The right moves: Opening the lettings world
The controversy and confusion surrounding issues such as "upward only rent reviews" underline the complicated nature of lettings, certainly from a tenant's viewpoint.
Indeed it was a meeting between Senator Feargal Quinn and the Society of Chartered Surveyors Ireland (SCSI) on his proposal to undo the "upward only reviews" which sparked a discussion on how to simplify the world of property lettings for everyone involved. The SCSI seized the initiative and today launch a new "Business Leasing Code for Landlords and Tenants." I met at SCSI headquarters with Conor O'Donovan, director of policy and communications and experienced chartered surveyors, Brian Meldon and Eamonn Maguire, who have driven the production of this new code.
Mr Meldon told me that the code is all about "maximising transparency and demystifying the letting process." "The aim of the code is to create a document which is clear, concise, user friendly and authoritative, for both parties." The code forms a step by step guide to a letting, starting with a simply written explanation of "the demised premises", recommendations on handling negotiations, to explaining rent reviews, insurance obligations, rent reviews, repairs, sub-lettings and assignments.
I tested my surveyor colleagues with a few typical problems that arise in lettings and they were instantly able to refer me to a clear explanation or recommendation in the code. It does contain a lot of detail, but it is written in simple English, laid out clearly and uses "tips" throughout effectively.
The code also contains a detailed "model heads of terms" and the objective is that all agents will adopt this format. Eamonn Maguire said that the "heads of terms" are a framework for negotiations before the grant of a lease. He explained, "agents work hard to market property and get a deal agreed. It follows that parties should reduce the risk of deals falling through by agreeing as much detail as possible in the heads of terms, which assists the legal process."
In my experience one of the most frustrating reasons for delaying a deal, and even letting it fall through, is delay in producing lease maps showing management company areas and car parking etc. I advise any agent to make sure these are prepared before a deal and I'm glad to see that "tip 1" of the code offers that very advice.
Mr O'Donovan said the objective is to get the representative bodies for all the stakeholders in the market to adopt this voluntary code. The society will be contacting the Law Society, landlord and tenants representative groups, Retail Excellence Ireland and Chambers of Commerce etc and are inviting any interested group to get in touch.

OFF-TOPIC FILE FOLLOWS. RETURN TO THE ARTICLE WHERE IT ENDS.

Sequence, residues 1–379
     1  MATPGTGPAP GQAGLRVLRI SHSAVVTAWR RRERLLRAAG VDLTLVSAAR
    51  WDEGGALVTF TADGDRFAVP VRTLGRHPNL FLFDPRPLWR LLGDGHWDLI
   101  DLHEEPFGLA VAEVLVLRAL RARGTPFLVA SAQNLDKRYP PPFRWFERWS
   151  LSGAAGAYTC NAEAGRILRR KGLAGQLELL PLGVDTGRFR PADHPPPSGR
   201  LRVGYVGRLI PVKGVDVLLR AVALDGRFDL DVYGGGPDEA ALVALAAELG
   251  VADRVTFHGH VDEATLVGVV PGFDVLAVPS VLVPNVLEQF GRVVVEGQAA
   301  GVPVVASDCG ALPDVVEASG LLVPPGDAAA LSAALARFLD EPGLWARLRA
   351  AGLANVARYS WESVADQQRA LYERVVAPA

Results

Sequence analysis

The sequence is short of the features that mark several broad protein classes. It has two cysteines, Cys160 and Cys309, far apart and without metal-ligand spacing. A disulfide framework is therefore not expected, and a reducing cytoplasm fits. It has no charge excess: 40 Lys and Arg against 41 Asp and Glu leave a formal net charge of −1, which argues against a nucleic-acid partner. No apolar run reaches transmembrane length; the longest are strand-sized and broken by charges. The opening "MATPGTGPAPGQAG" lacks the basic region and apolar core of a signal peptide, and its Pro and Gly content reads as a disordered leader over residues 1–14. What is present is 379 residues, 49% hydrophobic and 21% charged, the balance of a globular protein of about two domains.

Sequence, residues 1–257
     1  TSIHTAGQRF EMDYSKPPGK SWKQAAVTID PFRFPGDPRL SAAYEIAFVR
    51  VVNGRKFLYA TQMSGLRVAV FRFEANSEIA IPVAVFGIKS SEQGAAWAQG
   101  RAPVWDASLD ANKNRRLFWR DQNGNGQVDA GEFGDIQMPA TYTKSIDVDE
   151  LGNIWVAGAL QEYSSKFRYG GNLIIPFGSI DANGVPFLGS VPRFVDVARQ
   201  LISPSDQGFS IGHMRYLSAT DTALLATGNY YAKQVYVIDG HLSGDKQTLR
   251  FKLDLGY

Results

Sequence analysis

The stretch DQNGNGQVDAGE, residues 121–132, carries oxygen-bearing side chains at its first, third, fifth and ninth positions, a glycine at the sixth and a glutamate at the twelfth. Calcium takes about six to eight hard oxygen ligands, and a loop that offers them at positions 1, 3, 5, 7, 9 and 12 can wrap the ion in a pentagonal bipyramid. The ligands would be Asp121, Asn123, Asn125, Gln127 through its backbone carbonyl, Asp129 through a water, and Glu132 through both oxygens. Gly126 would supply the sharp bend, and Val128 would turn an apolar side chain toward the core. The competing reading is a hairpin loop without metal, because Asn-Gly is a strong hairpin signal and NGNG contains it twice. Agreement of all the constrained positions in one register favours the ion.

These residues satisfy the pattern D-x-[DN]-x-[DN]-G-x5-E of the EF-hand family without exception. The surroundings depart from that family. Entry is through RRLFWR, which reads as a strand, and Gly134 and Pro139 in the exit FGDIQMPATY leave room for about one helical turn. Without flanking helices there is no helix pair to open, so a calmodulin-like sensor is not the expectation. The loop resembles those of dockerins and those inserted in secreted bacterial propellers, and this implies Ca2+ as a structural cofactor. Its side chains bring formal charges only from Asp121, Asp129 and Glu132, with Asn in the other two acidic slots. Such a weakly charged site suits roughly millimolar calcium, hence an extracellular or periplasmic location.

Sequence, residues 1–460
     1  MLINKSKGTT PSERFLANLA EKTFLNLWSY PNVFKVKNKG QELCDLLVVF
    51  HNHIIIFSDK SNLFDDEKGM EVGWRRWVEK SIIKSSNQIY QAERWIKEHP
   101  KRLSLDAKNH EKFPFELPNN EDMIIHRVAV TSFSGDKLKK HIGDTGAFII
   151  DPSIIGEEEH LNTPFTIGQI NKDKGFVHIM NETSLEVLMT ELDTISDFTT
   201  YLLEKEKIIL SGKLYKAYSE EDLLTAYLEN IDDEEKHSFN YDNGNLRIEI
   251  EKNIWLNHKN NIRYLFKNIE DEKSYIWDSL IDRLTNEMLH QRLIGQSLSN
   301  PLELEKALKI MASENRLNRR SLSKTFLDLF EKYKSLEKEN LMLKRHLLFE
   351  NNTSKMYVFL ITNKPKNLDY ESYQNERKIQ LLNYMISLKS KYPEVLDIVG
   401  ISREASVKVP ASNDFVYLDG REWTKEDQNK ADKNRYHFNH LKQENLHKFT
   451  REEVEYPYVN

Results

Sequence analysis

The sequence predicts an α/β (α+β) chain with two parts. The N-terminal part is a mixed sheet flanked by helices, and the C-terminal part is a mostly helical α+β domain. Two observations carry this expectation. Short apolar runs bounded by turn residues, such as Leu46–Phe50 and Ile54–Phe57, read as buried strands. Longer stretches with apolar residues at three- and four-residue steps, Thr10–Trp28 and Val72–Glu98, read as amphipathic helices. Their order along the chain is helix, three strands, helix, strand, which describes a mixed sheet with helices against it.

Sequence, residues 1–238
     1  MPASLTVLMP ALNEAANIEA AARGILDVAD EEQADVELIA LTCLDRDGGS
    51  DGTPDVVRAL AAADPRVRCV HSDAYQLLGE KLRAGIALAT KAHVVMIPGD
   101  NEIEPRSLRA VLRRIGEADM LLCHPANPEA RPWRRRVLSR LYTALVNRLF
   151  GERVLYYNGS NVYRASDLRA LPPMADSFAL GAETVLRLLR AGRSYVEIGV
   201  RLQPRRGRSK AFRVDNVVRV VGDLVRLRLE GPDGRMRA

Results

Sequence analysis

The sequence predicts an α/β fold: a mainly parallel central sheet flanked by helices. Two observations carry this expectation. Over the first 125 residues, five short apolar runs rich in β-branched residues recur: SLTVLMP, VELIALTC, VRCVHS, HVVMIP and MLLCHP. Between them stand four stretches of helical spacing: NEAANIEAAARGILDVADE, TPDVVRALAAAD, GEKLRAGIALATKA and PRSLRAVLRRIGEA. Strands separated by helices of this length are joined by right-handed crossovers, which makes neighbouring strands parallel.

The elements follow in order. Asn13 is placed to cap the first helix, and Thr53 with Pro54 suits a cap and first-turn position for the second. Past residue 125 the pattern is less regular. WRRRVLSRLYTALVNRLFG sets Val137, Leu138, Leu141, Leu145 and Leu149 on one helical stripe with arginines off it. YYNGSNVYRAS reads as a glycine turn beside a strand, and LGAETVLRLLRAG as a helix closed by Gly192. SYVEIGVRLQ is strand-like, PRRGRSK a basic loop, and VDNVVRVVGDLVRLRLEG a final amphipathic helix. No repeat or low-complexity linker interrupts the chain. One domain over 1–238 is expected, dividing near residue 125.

The first phase of launching the code is to educate the society's own members and a series of roadshows and "continuing professional development" sessions are planned. Surveyors will then be encouraged to bring the code to clients.
The final step in the code is to remind tenants of their statutory obligation to register the details of new lettings on the Commercial Leases Register. However from my discussions with agents, the market view now is that the lease register is not functioning properly. Many leases are not being registered at all, either due to ignorance of the law or, particularly in the retail sector because tenants don't want competitors to know their business. In many cases, information as basic as the floor area of the demise is missing. The flaw was obligating tenants to make the returns and I suggest that the property regulator should speedily pass the responsibility to solicitors, as a condition of stamping the lease.
I think that this one of the most useful initiatives in the business for many years. The code is available from today on the SCSI website.
The Institute of Professional Auctioneers and Valuers is going from strength to strength and I was honoured to be a speaker at their annual conference last week. The new president Eamon O'Flaherty has hit the ground running and he made a powerful speech which called on the government to introduce tax breaks to encourage the conversion of empty commercial premises in rural towns to residential use. He also attacked the issue of the reduced thresholds for tax free inheritance which are forcing many who inherit a property from a parent, to sell it to pay the tax.